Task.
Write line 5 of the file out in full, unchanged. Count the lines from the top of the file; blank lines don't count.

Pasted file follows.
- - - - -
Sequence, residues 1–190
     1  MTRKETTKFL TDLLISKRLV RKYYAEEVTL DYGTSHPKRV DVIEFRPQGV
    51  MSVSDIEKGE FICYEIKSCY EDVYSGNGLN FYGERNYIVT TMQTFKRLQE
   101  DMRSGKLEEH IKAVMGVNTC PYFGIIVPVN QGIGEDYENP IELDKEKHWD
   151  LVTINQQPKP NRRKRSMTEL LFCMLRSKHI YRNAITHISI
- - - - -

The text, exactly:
   151  LVTINQQPKP NRRKRSMTEL LFCMLRSKHI YRNAITHISI